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Short- and Long-Term Differences in Instructional Effectiveness Between Intensive and Semester-Length Courses


by Marc Seamon ó 2004

A broad literature base on the instructional effectiveness of intensive and semester-length courses often fails to find significant differences between the formats. Of those studies that do find differences, most suggest that intensive courses are superior. However, many of the studies are theoretically or methodologically flawed, and none examined crucial, long-term differences. This examination of student characteristics and instructional effectiveness in one matched pair of educational psychology classes found that, initially, students in the intensive version of the course performed significantly better than students in the semester-length course on posttests of content and questions tapping higher-order learning. The two groups of students did not differ significantly in their affinity for learning (need for cognition), age or GPA, suggesting the superior performance was the result of the intensive course format and not any pre-existing student characteristics. However, follow-up research duplicating the original study with the same participants three years later failed to find any significant difference between the two formats, suggesting that the initial superiority of the intensive format will fade if not maintained.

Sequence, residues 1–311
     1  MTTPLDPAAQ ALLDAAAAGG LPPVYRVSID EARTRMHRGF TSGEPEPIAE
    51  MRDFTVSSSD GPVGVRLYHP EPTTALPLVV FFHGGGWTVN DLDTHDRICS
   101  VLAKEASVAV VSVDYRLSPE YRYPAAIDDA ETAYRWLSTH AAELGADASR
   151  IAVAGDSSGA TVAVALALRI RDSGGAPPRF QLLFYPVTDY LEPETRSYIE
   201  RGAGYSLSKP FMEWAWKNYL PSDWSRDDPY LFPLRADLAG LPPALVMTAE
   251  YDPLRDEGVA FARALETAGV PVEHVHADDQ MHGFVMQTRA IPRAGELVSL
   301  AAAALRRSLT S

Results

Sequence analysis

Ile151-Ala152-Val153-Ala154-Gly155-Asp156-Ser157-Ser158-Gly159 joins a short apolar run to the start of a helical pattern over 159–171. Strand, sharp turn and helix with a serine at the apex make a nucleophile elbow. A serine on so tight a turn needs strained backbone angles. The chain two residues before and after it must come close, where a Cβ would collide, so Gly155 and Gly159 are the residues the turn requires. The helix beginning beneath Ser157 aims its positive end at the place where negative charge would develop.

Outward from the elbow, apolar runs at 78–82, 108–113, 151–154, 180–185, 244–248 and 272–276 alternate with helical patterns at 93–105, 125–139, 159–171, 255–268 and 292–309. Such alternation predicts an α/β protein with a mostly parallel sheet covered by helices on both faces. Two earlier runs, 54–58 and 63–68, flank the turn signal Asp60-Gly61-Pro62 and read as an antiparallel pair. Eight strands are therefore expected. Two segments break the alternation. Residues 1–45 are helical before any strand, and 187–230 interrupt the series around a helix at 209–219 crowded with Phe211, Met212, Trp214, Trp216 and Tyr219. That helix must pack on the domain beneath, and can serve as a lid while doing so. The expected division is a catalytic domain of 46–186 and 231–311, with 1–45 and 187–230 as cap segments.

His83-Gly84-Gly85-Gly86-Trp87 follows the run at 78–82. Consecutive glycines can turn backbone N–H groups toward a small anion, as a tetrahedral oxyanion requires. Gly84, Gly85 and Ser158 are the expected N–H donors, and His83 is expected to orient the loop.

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Cite This Article as: Teachers College Record Volume 106 Number 4, 2004, p. 635-650
http://www.tcrecord.org ID Number: 11537, Date Accessed: 12/16/2017 12:30:40 AM

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About the Author
  • Marc Seamon
    Penn State University
    E-mail Author
    MARC SEAMON is a PhD fellow and instructor in the College of Communication at Penn State University. His research interests include newspaper content analysis and media effects studies. Mr. Seamon has a masterís degree in educational psychology and is interested in how theories of teaching and learning relate to communication.
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